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The trouble with science journalists is that they are expected to be cheer leaders rather than informed critics

By Olivia Judson   October 1998

One morning, as I walked to work through St James’s Park, marvelling at the strange duck with the lurid blue beak which sometimes cavorts on the lake, I had one of those moments of ghastly clarity. I suddenly knew what it was that had been vaguely bothering me about my job as a science journalist.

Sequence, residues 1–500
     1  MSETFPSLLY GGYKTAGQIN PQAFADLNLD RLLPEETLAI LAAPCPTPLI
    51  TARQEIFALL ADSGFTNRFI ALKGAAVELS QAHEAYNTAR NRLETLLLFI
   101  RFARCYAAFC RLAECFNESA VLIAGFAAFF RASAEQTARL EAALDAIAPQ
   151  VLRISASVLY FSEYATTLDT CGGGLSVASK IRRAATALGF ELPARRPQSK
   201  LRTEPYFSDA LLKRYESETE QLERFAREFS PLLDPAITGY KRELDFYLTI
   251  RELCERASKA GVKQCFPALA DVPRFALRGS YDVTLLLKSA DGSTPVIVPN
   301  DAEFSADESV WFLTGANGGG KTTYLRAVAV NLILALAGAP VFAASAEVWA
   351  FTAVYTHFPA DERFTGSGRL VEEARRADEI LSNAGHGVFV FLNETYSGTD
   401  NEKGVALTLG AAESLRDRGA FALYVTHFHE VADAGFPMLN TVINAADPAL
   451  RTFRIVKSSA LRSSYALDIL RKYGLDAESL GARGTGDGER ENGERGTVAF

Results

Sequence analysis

There were lots of little things that I already knew about. For example, the fact that on becoming a journalist some former scientist colleagues scuttled away whenever they saw me-which was offensive not so much because of what it revealed of their estimation of me…

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